Virtual world technology firm The Electric Sheep Company let go nearly a third of its employees yesterday. The move is part of a restructuring to focus the company on larger monetization efforts in 2008, according to CEO Sibley Verbeck.
As part of the reorganization Electric Sheep laid off 22 employees, scaling back its events staff and cancelling several projects, including the creation of an ad network for use within the Second Life virtual world.
“We feel that the time is not right to place more bets on that currently,” said Verbeck of the network. “We felt that large scale advertising to the current Second Life user base by real world companies is not a big opportunity in the short term.”
Although Verbeck said his firm has never had more than half its projects based in Second Life, and he still believes in Linden Lab’s virtual environment, going forward Electric Sheep aims to expand to other adult virtual worlds such as Icarus and Metaplace, as well as children-oriented virtual environments.
“Marketing by outside brands in Second Life is something that is not seeing as much excitement [as there] was nine months ago, and that’s appropriate because the active usage base is not growing rapidly right now in that virtual world,” he said. “We’re seeing a natural shake out of what projects and applications make sense using virtual worlds as a whole and Second Life in particular.”
The company is retaining 54 employees and has agreements with 20 contractors to continue work on projects. Electric Sheep is not in financial difficulty for a startup firm, said Verbeck. The company intends to prioritize larger marketing and technology efforts for its clients in 2008, rather than trying to manage multiple smaller projects. Over the past year, Electric Sheep has landed several large accounts, including an investment from CBS which helped lead to a Second Life crossover event with the CSI: New York television show.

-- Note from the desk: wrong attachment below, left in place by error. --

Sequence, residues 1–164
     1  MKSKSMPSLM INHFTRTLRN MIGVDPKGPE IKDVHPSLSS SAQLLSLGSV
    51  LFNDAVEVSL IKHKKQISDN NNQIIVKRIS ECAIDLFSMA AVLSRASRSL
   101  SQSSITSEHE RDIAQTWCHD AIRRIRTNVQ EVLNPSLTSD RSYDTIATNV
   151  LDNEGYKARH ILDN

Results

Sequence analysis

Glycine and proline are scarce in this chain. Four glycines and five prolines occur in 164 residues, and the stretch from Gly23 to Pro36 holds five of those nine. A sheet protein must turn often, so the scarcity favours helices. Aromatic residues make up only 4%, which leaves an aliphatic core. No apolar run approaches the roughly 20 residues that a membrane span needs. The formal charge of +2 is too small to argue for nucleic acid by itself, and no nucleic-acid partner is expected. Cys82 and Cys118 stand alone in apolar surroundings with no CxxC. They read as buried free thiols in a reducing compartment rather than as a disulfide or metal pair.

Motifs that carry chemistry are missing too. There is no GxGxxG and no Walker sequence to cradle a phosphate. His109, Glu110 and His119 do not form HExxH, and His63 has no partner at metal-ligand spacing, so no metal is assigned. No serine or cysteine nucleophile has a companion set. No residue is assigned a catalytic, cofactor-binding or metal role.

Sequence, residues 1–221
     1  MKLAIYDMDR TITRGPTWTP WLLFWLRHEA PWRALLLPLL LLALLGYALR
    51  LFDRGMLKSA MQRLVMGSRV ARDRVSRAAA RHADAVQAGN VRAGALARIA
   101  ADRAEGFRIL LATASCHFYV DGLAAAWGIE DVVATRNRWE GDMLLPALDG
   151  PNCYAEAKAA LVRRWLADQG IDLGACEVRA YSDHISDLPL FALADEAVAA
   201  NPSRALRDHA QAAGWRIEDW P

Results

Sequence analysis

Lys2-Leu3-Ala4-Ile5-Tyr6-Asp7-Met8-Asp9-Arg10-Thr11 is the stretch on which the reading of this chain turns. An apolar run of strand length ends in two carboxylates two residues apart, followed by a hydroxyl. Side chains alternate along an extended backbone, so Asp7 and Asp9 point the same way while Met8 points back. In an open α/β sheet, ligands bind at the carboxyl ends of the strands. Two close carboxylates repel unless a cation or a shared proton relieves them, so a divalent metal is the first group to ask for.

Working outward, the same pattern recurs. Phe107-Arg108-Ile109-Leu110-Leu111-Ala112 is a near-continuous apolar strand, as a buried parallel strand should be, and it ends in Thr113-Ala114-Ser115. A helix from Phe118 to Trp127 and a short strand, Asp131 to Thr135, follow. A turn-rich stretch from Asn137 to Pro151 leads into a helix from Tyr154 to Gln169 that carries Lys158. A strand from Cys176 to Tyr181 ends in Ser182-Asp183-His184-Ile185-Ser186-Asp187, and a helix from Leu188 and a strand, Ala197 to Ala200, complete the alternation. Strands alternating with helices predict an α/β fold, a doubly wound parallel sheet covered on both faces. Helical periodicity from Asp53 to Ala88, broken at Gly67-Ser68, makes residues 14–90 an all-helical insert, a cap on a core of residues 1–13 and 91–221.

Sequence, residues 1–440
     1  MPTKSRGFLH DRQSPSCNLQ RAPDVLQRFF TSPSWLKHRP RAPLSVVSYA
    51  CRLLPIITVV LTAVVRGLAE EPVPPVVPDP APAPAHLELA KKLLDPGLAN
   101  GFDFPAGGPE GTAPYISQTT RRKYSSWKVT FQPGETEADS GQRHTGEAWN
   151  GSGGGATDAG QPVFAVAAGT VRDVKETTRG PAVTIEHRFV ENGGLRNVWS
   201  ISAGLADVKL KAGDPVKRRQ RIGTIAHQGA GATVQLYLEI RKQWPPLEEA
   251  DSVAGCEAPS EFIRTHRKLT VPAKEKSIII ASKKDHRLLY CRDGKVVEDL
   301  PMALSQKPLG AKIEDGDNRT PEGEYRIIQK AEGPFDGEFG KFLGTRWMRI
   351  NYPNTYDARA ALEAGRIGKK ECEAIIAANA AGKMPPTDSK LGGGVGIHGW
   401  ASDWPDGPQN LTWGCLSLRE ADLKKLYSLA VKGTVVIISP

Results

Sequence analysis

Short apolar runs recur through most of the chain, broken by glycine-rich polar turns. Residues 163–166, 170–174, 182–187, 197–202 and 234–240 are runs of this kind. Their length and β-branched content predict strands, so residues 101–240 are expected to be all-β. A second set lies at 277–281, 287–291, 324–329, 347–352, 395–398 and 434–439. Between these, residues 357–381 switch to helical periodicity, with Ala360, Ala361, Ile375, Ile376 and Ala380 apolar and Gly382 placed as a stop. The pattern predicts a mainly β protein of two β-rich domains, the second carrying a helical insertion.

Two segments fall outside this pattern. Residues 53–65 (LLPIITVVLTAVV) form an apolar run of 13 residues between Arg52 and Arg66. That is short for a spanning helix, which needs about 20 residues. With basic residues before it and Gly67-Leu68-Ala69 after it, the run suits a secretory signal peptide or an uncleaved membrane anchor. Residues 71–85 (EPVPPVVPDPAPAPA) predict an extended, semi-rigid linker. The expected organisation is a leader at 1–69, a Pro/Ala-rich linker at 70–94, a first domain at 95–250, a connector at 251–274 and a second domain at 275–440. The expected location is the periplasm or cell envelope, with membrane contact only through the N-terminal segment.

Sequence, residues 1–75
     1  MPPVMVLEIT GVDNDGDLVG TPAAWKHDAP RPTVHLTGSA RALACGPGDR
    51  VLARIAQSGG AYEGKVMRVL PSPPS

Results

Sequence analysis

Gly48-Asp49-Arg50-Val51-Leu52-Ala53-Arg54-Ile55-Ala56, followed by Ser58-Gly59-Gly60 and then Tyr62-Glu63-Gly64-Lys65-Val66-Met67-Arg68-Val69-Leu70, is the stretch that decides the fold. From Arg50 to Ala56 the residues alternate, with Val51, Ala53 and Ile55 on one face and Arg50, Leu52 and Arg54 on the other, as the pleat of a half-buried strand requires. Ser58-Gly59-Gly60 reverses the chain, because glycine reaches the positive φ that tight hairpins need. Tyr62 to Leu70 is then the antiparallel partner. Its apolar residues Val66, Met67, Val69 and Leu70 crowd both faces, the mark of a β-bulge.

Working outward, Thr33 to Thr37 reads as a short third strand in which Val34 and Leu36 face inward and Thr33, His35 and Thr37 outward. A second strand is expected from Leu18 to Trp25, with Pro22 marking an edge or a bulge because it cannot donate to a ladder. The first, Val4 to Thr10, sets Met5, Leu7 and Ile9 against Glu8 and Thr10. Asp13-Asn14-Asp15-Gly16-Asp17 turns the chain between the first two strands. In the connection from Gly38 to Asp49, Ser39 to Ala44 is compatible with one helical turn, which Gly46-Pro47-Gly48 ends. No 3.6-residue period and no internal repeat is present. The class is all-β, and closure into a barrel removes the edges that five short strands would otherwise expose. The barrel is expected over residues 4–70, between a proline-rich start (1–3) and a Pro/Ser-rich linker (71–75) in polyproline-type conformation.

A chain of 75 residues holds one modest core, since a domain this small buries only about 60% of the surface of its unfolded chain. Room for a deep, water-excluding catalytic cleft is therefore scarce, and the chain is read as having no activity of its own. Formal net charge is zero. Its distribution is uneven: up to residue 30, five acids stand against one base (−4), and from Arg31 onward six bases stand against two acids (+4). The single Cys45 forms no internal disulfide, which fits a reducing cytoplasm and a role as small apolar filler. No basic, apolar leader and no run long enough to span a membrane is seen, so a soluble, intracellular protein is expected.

The restructuring didn’t surprise or worry executives from other virtual world-oriented firms who said in such a rapidly moving industry it’s not unusual to increase staff to tackle projects that are quickly discarded.
“People sometimes make the mistake of thinking that startups hatch fully formed, but the truth is that early stage startups do need to sometimes go through some very tough periods of change,” said Greg Verdino, chief strategy officer for Crayon, a marketing consultancy. “Don’t count [Electric Sheep] out just yet,” he continued, adding, “with the Second Life naysayers in the digital advertising space probably rubbing their hands with glee over a Second Life bubble burst… if change wasn’t happening that’s when I would be worried.”
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